Finally, let’s compare the census results with the 2020 Demographic Analysis (DA) estimates of the population on April 1, 2020.
The DA estimates are similar to the Vintage 2020 estimates in some ways, but they have a key difference: they are developed entirely from administrative and survey records. That is, they are not built from any census data in the way that the Vintage 2020 estimates use the 2010 Census as their base.
This independence makes them a particularly appropriate tool for evaluating the 2020 Census, and in fact, this is the purpose for which the DA estimates were designed.
The 2020 DA estimates are available by age, sex, and broad race and Hispanic origin groups at the national level only since the data and methods used to produce them limit the demographic and geographic detail of these estimates. The available detail still provides valuable insight into the quality of the census.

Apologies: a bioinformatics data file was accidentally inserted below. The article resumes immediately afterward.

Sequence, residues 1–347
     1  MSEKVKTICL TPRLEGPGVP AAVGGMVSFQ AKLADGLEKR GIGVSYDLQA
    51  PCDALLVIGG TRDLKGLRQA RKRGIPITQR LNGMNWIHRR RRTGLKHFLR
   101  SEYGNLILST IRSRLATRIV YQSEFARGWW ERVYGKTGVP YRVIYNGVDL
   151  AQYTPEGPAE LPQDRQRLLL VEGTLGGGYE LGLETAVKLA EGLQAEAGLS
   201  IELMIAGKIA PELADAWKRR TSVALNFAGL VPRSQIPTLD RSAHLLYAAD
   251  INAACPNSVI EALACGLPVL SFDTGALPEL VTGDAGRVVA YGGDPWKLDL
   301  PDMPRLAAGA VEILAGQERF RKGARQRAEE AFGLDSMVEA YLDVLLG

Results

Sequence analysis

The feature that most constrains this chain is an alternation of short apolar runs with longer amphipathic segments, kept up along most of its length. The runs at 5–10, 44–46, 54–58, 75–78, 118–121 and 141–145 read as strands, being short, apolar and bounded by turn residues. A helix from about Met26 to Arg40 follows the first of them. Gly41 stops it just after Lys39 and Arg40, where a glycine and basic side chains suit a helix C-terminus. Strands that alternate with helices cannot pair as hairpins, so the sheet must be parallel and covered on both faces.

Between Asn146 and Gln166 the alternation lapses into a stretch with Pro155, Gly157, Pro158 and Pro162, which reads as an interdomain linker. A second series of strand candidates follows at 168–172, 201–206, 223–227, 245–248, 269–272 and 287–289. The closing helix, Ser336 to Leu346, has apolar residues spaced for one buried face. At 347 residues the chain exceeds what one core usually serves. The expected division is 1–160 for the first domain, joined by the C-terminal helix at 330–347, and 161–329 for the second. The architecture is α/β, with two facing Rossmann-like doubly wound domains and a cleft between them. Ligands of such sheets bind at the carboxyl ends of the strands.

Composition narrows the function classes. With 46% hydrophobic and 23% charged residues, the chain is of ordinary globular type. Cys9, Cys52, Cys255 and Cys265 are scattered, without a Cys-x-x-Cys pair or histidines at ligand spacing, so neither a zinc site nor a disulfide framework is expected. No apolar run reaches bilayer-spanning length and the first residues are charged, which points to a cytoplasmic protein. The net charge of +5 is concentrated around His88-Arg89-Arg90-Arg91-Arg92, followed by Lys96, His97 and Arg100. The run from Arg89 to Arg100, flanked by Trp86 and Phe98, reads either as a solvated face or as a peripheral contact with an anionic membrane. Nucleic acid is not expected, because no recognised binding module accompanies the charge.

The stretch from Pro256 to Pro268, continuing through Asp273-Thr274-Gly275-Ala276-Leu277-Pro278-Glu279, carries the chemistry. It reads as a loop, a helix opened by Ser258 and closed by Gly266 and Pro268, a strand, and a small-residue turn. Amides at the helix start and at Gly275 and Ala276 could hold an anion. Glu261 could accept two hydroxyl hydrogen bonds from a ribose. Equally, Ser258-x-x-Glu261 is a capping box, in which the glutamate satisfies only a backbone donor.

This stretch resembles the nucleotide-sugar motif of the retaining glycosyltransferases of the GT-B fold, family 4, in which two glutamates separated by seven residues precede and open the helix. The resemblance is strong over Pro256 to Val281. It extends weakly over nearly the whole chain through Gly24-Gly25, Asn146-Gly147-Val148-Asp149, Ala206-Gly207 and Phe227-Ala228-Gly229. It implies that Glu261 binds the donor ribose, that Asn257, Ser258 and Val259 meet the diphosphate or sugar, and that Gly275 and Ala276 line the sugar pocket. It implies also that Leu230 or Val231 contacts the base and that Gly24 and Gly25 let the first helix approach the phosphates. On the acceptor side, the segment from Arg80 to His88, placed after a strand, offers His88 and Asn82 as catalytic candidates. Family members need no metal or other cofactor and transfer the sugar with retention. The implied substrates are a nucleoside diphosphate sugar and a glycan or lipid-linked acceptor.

In particular, using the 2020 Census count of the national population released today, we can estimate net coverage error for the total population. (Later, we will also release estimates from the Post-Enumeration Survey on net coverage error and its components.)
Net coverage error represents the percent difference between the census count and DA estimate, and because it is a net measure, it simultaneously accounts for the influence of overcounts and undercounts. It is calculated as follows:
Net coverage error = (Census count - DA estimate)/DA estimate * 100
The 2020 DA included three separate series of estimates of the resident population on April 1, 2020: low, middle and high. This range of plausible estimates was developed by varying the assumptions about the population components used to produce the estimates so as to reflect any uncertainty in our data sources and methods.